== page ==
What is a pressure curve you ask? In order to fully explain the pressure curve, I’m going to have to explain a ton of other things before answering that, so bear with me.

Pcp air rifles operate by using high pressure air contained in a cylinder.

Inside the rifle is a firing mechanism. The firing mechanism is very simple. There is a hammer, a valve, and the air cylinder. The hammer strikes the valve and the valve releases a controlled burst of air.

Sounds simple.

When I was building my first pcp rifle, the instructions said to fill the rifle to 2000psi and it should shoot around 800fps. The problem was the rifle was shooting about 400fps and barely using air at all. For the life of me I couldn’t figure out the problem. Once the rifle got to about 1200psi, it would finally speed up.

I was using the wrong hammer spring. The stock hammer spring was for CO2 powerlet (800-1200psi). Once I ordered a Benjamin Discovery hammer spring (for use at 2000psi) it started functioning properly. The hammer spring tension *must* balance the fill pressure of the rifle.

So how do you know if you have the correct balance in your rifle? You find the pressure curve by shooting it over the chronograph. Record your numbers.

Created: 05-07-2016 05:35:32 PM
Description: Crosman 2400 cphp 7.9
Notes 1: 2800psi
Notes 2:
Distance to Chrono (FT): 3.00
Ballistic Coefficient: 1.000
Bullet Weight (gr): 7.900
Temp: N/A
BP: N/A
Shots
#     FPS        FT-LBS     PF
23    896        14.09      7.08
22    905        14.37      7.15
21    915        14.69      7.23
20    921        14.88      7.28
19    925        15.01      7.31
18    931        15.21      7.35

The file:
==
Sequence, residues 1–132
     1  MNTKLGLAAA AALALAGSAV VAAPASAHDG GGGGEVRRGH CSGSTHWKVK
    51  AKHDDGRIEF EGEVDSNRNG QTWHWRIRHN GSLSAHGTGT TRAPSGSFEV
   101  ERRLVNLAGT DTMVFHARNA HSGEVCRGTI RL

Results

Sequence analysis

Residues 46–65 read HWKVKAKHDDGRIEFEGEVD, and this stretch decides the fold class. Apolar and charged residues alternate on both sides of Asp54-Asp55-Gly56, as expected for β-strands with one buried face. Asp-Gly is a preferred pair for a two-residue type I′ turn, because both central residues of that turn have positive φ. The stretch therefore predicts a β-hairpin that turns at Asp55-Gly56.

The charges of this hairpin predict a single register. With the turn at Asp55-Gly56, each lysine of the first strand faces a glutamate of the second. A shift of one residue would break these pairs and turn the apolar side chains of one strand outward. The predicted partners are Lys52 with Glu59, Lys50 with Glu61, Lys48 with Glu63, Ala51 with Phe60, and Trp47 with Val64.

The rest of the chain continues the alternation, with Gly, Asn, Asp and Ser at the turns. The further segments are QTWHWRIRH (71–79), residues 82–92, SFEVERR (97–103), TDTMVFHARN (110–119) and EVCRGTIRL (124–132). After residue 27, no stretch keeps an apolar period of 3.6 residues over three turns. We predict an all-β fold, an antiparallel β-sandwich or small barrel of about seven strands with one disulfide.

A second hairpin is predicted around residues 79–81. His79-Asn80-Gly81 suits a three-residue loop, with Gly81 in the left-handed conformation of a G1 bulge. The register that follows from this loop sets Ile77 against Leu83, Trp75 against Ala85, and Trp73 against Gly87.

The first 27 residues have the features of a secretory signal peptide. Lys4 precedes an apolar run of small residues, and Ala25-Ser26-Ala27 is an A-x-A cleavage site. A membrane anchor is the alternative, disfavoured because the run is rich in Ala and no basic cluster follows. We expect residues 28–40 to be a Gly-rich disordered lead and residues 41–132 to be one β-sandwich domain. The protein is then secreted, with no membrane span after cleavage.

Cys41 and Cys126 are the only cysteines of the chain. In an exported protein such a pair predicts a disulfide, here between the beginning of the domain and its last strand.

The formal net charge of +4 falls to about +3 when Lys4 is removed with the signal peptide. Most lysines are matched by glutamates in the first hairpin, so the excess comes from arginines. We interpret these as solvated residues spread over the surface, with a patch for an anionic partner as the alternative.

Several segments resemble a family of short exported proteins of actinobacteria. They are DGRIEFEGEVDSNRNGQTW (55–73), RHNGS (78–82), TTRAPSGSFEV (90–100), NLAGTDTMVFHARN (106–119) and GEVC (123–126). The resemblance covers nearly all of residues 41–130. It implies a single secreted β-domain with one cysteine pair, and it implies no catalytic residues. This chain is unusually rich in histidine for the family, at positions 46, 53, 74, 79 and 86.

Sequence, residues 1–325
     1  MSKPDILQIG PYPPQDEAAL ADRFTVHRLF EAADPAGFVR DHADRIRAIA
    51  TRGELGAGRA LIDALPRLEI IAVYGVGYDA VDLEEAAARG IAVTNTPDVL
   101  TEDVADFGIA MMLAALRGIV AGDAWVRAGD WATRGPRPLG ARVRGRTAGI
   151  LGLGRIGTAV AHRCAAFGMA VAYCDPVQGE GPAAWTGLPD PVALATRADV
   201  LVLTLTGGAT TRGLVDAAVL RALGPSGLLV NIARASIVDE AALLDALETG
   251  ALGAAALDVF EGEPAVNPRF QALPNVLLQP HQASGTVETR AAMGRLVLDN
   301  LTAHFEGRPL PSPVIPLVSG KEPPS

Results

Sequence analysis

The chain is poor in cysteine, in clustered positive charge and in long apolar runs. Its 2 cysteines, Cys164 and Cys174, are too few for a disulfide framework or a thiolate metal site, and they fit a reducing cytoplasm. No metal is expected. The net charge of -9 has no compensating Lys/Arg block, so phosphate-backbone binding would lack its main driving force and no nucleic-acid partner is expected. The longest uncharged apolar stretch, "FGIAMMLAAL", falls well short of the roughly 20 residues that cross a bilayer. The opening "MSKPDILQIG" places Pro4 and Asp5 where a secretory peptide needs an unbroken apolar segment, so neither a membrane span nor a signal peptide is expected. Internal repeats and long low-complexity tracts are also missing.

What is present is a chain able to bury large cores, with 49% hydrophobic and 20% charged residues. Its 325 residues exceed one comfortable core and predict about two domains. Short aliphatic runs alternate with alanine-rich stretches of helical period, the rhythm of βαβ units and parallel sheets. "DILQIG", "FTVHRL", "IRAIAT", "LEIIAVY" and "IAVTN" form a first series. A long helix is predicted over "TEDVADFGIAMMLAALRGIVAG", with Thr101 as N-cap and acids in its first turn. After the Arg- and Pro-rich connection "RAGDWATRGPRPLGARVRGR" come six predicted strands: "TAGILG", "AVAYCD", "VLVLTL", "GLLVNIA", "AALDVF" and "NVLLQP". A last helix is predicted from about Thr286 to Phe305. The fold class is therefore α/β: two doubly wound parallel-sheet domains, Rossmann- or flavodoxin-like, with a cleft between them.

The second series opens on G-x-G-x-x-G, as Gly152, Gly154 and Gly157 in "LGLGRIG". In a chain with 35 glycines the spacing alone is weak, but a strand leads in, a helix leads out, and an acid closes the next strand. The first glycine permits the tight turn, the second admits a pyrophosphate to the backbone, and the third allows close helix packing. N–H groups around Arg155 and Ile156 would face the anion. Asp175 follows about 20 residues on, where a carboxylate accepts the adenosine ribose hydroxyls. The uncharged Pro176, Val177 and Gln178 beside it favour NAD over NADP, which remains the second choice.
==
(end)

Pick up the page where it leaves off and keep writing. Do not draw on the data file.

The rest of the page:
17    942        15.57      7.44
16    948        15.77      7.49
15    952        15.90      7.52
14    958        16.10      7.57
13    958        16.10      7.57
12    969        16.47      7.66
11    974        16.64      7.69
10    981        16.88      7.75
9     980        16.85      7.74
8     979        16.82      7.73
7     965        16.34      7.62
6     973        16.61      7.69
5     964        16.30      7.62
4     965        16.34      7.62
3     ERROR 3
2     943        15.60      7.45
1     896        14.09      7.08
Average: 947.27
StdDev: 27.44
Min: 896
Max: 981
Spread: 85
True MV: 947.60
Shots/sec: 0.09
Group Size (IN): 0.00

Now you input the numbers into a graph… like this:
image

Speed on the right, pressure on the bottom.

Rising arc-As you shoot the rifle, it will shoot slower because the pressure of the air overpowers the strike delivered by the hammer. The valve will not open fully and will result in slower speeds. This is commonly known as “valve lock.”
Apex- As air is used, pressure inside the cylinder is reduced allowing the valve to open properly. For several shots, speeds will be consistent. The strike delivered by the hammer is balanced to the pressure inside the air cylinder.
Falling arc- As even more air is used the strike delivered by the hammer greatly overcomes the opposing pressure from the air cylinder. As a result, speeds are slower and more air is used per shot.

And that, is a pressure curve.

The apex of the shot curve will offer the most consistent accuracy.

That is how you use a pressure curve to your advantage.

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